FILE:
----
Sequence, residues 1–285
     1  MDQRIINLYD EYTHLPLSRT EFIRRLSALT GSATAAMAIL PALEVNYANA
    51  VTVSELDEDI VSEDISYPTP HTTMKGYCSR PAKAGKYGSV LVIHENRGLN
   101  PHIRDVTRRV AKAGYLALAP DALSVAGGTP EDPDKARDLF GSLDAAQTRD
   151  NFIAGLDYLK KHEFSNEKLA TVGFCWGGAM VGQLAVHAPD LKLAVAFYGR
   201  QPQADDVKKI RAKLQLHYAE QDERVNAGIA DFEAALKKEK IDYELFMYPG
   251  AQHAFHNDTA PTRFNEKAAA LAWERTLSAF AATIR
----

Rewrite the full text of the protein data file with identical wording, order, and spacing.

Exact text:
Sequence, residues 1–285
     1  MDQRIINLYD EYTHLPLSRT EFIRRLSALT GSATAAMAIL PALEVNYANA
    51  VTVSELDEDI VSEDISYPTP HTTMKGYCSR PAKAGKYGSV LVIHENRGLN
   101  PHIRDVTRRV AKAGYLALAP DALSVAGGTP EDPDKARDLF GSLDAAQTRD
   151  NFIAGLDYLK KHEFSNEKLA TVGFCWGGAM VGQLAVHAPD LKLAVAFYGR
   201  QPQADDVKKI RAKLQLHYAE QDERVNAGIA DFEAALKKEK IDYELFMYPG
   251  AQHAFHNDTA PTRFNEKAAA LAWERTLSAF AATIR